I let Amy and Rocket walk through and stand on the opposite side. I gave Xcel a minute or two to size up this situation before I asked Harry to step in. Harry looked absolutely smug. Xcel dropped his head and was having a good look at things when Harry lifted a front foot and began pawing the water as he always did. Xcel jumped but after a second or two he stepped in and began pawing too. All of my horses love to play in the water and Xcel was no exception. I let him splash for a minute and then we continued across and rode back and forth a few times. Xcel's ears came back up and he got very happy and pleased with himself. The "I'm Mr. Man" attitude started anew. We took the short way back to the barn.

When I finally was able to ride him, (wow!) once again Xcel was to make his preferences very clear. Thinking I had carefully selected an appropriate saddle and saddle pads for him (he is much smaller and narrower than any of my other horses) Xcel quite clearly told me otherwise.

A few short minutes into his first ride in a very long time Xcel dropped his head and began to buck in sort of a crow-hopping style. Head down, hopping along like a bronc but not kicking out or twisting.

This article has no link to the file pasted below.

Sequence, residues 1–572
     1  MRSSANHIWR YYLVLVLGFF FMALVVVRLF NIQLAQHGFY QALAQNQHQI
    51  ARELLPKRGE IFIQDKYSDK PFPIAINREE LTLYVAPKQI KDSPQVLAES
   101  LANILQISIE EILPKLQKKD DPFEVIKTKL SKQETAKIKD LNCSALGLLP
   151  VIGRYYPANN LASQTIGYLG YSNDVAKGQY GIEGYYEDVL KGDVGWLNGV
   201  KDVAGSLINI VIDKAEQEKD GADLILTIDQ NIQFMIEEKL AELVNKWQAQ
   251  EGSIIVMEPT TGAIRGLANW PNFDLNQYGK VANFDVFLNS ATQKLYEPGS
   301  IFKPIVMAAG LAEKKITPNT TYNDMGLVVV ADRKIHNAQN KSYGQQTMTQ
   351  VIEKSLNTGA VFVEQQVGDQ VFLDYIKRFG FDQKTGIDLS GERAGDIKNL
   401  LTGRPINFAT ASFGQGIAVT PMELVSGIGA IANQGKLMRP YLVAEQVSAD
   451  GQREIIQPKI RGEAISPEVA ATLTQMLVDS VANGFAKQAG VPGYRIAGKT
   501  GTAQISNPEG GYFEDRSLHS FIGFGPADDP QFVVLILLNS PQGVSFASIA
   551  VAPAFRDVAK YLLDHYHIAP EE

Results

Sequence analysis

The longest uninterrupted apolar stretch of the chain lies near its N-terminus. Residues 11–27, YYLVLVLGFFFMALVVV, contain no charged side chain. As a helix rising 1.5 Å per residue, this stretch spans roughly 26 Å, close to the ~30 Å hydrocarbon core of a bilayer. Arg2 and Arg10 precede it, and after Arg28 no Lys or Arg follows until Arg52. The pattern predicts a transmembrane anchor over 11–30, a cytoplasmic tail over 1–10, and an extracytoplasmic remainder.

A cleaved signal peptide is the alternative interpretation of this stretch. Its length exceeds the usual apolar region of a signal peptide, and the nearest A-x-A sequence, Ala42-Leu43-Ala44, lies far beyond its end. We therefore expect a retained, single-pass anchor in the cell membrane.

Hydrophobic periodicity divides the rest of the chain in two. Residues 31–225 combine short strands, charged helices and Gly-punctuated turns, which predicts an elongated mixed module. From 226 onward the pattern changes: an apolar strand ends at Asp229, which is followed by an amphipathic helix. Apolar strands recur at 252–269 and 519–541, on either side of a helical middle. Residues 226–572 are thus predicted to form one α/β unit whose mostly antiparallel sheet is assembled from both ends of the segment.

One thing that I have learned over the years is that there are different kinds of bucks. In general, there is the "Yahoo, I feel good" kind of buck and the, "Get the heck off of me" kind of buck. The latter kind usually comes with much more tension and stiffness in the body. This is punctuated by very stiff, close together ears. This is the kind of bucking Xcel was doing. His back was very tight too and I had a feeling I had selected the wrong saddle. So I got off, switched saddles and tried again. No more bucking. This is why I say behavior is language!

I was only able to ride a few times before Xcel became very lame in August. After nearly 10 days of soaking and wrapping his left front foot, he finally blew a big abscess out of his sole exactly where the soft spot had been. Could this have been sitting in there the whole time? Were we finally at the end of his foot troubles?